Articles written for AUFBAU by Leonard J. Lehrman

World Premiere Recordings
AUFBAU 63:19 Sept. 12, 1997 p13
[original title: New CDs by Black & Blackwood] reviewed by Leonard Lehrman
625 words
(reprinted with permission from
Sonneck Society Bulletin
23:2 Summer 1997 pp58-59)
Copyright by Leonard Lehrman

Two new CDs, on Cedille and Bridge, contain world premiere recordings of compositions by two prodigious performing talents: Easley Blackwood (b. 1933) and Robert Black (1950-1993). This is not the saxophonist or the double bassist Robert Black, but rather the pianist & conductor of numerous new music recordings on William Thomas McKinley's MMC, as well as on CRI, Bridge, GM (including a recording of "Pierrot lunaire" with Phyllis Bryn-Julson), and Orion - on which he was the pianist in solo works of Liszt and Beethoven. The new Bridge recording (9061) presents him for the first time as a composer, which he seems to have been seriously interested in becoming only the last three years of his life. (Well, Anton Bruckner started composing at age 40 too, and went on to quite a career as composer.)

Though he studied with Roger Sessions (some of whose piano music he recorded) and David Diamond, the strongest influence on his own music seems to have been that of composers whose large works he conducted, like Ralph Shapey ("Three for Six") and especially Charles Wuorinen ("New York Notes"), with bold contrasts veering from starkly simple gestures to wildly hysterical flights of fancy.

Black's Three Pieces for Violin and Piano, inspired by poet and former violinist David Shapiro's request for "a piece for ruined violinist" are ably essayed on the CD by Gregory Fulkerson and Charles Abramovic. They contain much of the same material expanded in Black's orchestral piece in three sections, inspired by Shapiro's poetry: Capriccio (Blown Apart), which opens the CD.

Jerzy Swoboda conducts the Warsaw Philharmonic, an orchestra that Black himself conducted on many occasions. In between, James Winn plays Black's only piano piece, the sprawling "Foramen Habet!" whose title was inspired by an incident in a Paul West novel involving Peter the Great, and which the composer dedicated to his piano teacher, Beveridge Webster. The CD concludes with Black conducting the PRISM Orchestra he founded in a live (undated) performance of Stravinsky's "Dumbarton Oaks" Concerto. The motoric energy of the conductor is in evidence almost right to the end, where it seems to peter out. Though he left a mighty legacy, his early death from cancer must still be deemed a tremendous loss.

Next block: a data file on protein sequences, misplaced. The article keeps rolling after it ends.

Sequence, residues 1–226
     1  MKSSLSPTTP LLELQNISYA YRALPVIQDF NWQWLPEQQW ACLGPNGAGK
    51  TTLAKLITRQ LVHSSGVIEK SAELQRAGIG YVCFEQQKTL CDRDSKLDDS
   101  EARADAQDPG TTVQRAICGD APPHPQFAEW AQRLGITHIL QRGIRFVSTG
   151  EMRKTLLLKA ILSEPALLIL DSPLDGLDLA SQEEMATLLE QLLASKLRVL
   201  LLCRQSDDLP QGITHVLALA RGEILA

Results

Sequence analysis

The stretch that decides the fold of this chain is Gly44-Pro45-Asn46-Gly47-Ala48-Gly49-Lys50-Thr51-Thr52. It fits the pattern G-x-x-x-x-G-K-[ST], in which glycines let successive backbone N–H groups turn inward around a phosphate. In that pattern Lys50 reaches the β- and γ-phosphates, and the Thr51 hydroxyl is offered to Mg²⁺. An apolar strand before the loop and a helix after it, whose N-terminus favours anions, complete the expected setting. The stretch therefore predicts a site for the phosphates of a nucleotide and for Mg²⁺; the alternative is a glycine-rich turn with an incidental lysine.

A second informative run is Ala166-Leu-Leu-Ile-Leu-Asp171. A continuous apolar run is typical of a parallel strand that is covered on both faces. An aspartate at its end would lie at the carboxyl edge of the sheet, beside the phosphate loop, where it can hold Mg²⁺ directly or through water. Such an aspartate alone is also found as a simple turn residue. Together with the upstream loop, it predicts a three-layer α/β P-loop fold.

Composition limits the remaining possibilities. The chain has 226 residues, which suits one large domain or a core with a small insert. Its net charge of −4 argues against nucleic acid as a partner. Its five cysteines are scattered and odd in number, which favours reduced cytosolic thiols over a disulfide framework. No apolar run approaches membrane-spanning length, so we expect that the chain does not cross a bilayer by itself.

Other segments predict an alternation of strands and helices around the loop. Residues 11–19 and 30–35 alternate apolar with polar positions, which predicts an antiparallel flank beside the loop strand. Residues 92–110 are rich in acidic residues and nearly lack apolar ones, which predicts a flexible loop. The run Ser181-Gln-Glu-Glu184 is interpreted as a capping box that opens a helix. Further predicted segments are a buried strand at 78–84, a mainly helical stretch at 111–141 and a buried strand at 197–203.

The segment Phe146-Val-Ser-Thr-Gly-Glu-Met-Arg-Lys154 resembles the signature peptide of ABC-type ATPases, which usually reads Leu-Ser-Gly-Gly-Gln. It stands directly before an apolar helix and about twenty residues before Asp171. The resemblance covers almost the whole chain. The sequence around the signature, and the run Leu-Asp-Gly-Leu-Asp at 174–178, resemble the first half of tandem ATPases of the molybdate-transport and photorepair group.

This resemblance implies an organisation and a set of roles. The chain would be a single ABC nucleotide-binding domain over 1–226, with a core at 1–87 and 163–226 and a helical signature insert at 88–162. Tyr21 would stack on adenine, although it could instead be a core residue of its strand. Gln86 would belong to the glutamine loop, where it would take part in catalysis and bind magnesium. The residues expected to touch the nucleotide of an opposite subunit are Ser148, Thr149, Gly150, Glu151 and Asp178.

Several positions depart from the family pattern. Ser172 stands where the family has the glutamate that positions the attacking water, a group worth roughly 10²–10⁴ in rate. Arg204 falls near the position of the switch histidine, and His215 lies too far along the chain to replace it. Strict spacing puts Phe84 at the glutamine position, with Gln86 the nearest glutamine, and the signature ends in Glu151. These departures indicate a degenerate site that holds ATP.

Easley Blackwood, a pianist also known for dazzlingly dexterous performances of works by Schoenberg, Sessions, Wuorinen, Liszt and many others (especially Pierre Boulez, Charles Ives, and John Perkins), is still very much alive, composing and performing. But the harmonic style of his compositions has taken a decisive turn to the right.

Since 1978 he has been writing in what he calls "a conservative tonal idiom, which... I have found more convivial than conventional, academic modernism." Sandwiching Max Reger's 1909 Sonata #3 for Bb Clarinet & Piano between Blackwood's two new works for clarinet and piano (the Sonata for A clarinet and the Sonatina for Eb clarinet) on the new Cedille CD (CDR 90000 022) reveals the older work as similar in harmonic language but somehow more inspired (or at least less mechanically repetitive), even if not quite as technically demanding.

Clarinetist John Bruce Yeh and pianist Blackwood are fully up to the demands. In this Brahms centennial year it is indeed appropriate to be thinking of enriching the clarinet sonata repertoire which truly begins with the two Brahms sonatas. I confess that a third of a century ago, having once successfully masqueraded a piece of my own as Schumann's, I too had such aspirations, composing, performing, and even recording a piece I modestly called "Brahms' Clarinet Trio #2."

But as Nadia Boulanger, teacher of Blackwood and so many American composers (including this writer), might have asked: "What for do you want to write in someone else's style? You have your own voice, do you not?"

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